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If The 2022 A’s Finish At .500, The 2002 Streak Will Seem Like Nothing

Oakland Athletics v Texas Rangers
“If I dive right between his legs, he’ll have to call me safe!”
Photo by Ron Jenkins/Getty Images

Last night was a tough and crucial loss with the A’s falling to 46-81 and missing a chance to stay 22.5 back of a wild card spot. I think what I’m saying is that in seasons like this, one tends to focus less on the games and more on the moments. So let’s see what particulars the Eyeball Scout is noticing from amongst the cesspool of suckitude that is generally the 2022 season...

Nick Allen

Allen continues to chase too many bad sliders to cement a place as an every day starter, but in recent days his much ballyhooed defense is showing up. When first called up, Allen showed flashed of brilliance but also too often hurried or tried to do too much, resulting in disasters such as the routine DP ball muffed into 0 outs ahead of a back-breaking 3-run Eugenio Suarez HR.

But lately? Allen’s exceptional range, diving to the SS hole or ranging well into the outfield, his strong “legit SS” arm, and his quick hands, have been on display often producing web gems. Last night he took a very tricky hop backhanded and even peeked at 2B on his way to firing a strike across his body to get an out at 1B on a tough play. Before that a recent diving stop to very deep SS and a great throw to 1B showcased his range, quickness, and arm all at once. And we have already gotten used to his lightning quick transfers on the DP.

Now that he has settled down a bit and gotten accustomed to the pace of the big league game, we are seeing why Allen has long been touted as a premier defender up the middle. What is far less clear is whether given his lack of power, Allen can figure out a way to be a tough at bat a la Tony Kemp, a contact machine dunking the ball anywhere and everywhere a la David Fletcher, or some other iteration of a batter who maximizes a skill set to offset a natural shortcoming.

The bar is somewhat low but not as low as where the diminutive Allen currently sits. With a slash line of .203/.261/.292 Allen has just a 64 wRC+. That is in fact comparable to the .233/.294/.314. 68 wRC+ career numbers for a player Allen has sometimes been likened to: Brendan Ryan.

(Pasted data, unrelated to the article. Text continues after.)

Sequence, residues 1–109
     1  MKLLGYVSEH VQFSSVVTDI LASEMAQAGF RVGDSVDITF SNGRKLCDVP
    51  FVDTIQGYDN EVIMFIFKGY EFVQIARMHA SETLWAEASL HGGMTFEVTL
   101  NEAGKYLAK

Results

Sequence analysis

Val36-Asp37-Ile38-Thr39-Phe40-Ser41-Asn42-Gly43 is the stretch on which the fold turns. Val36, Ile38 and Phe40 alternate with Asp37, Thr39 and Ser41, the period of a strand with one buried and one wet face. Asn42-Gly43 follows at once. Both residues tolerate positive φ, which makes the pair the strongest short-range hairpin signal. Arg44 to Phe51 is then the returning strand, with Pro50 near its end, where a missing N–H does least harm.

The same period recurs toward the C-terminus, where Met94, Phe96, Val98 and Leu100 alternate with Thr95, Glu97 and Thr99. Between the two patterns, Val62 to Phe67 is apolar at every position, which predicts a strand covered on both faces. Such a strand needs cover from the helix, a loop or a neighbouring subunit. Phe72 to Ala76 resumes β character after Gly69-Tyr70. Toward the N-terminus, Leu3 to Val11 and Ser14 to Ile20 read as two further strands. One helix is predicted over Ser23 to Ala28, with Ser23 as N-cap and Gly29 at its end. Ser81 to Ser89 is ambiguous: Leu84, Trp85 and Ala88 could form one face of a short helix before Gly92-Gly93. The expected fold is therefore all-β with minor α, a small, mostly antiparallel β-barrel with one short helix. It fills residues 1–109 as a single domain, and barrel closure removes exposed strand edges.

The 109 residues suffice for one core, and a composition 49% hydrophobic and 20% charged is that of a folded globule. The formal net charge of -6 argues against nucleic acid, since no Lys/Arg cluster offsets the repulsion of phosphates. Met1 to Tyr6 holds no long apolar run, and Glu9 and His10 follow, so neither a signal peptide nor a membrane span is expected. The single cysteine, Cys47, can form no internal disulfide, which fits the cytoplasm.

However, to be a solid every day player Allen doesn’t need to be even a league average hitter. Andrelton Simmons sat at 86 wRC+ for his career, slugging just .366, yet accumulated 25.0 career WAR with 4 seasons of over 3.0 WAR. The man Allen has replaced, Elvis Andrus, has carved out a 14 year career as a starting SS while sitting at just an 85 wRC+.

But those next 20 wRC+ are key for Allen’s ability to lay claim to being a starting SS and not just a slick utility infielder. Those may be very difficult gains to make at the plate — to me the key is going to be commanding the strike zone far, far better than he currently does — but his defense? It’s really, really good and don’t let his “rookie mistakes” fool you into thinking he was just hype. Kid can play.

J. P. Sears

Count me among those who was “pleased as punch” to see Sears included in the haul for Frankie Montas and Lou Trivino. When you look at Sears’ minor league track record all you see is success (11.04 K/9 IP and a 2.84 ERA across all levels), and this translated to the big leagues in his short stint with the Yankees with an ERA under 2.00.

However, the K-rates have fallen dramatically from MiLB to MLB: Sears has K’d just 26 batters in his first 43.1 IP (a 5.40/9 IP rate) and most noticeably he has given up a lot of hard contact even in starts where he successfully stranded runners and survived. “Rockets at infielders, bulllets at outfielders” is not a sustainable strategy.

What excited me in his early starts was a late breaking, deceptive “back foot slider” that came over the plate to RH batters and was hard to lay off as it disappeared out of the zone. But last night, where was that pitch? Most of the sliders Sears threw were the lazier “get me over” sliders aiming to come around the outside corner. The pitch Aaron Judge blasted out to ruin an otherwise decent start? A slider without much bite to it, up in the zone.

I thought the sharp slider down and in was Sears’ most impressive pitch and I hope he heavily showcases it again moving forward. I dream of a rotation, come 2024, in which Sears is the A’s luxury #5 SP behind Cole Irvin, Ken Waldichuk, Gunnar Hoglund, and JT Ginn (if Hoglund isn’t ready Ryan Cusick is happy to step in). Granted, that exact outcome probably won’t happen but it’s more fun to think about than an Adam Oller start with Vimeal Machin batting in the middle of the order.

Finally, we leave you with today’s requisite “minor league good news” to help ease the sting of the A’s being 46-81:

- No he hasn’t walked yet, which is an actual problem, but 22 year old Jordan Diaz has opened up his AAA career batting .361, with 3 doubles and a triple, in his first 36 at bats.

- Zack Gelof is starting to drive the ball again, slugging .481 in August with 5 HRs.

- Remember when every prospect acquired this off-season was required to immediately suck balls of goat? Things may be shifting:

JT Ginn’s last start: 5 IP, 6 hits, 2 ER, 2 BB, 4 K
Ryan Cusick’s last start: 5 IP, 3 hits, 2 ER, 4 BB, 3 K
Joey Estes’ last start: 6 IP, 1 hit, 0 ER, 1 BB, 6 K
Euribiel Angeles: 9 for 20 in August (so naturally he had to get injured)

I didn’t say “first ballot Hall of Famers,” but it’s progress! A’s and Yankees tonight at 6:07pm with Adam Oller “pitching away from contact” to a lineup that doesn’t chase. Should be super fun.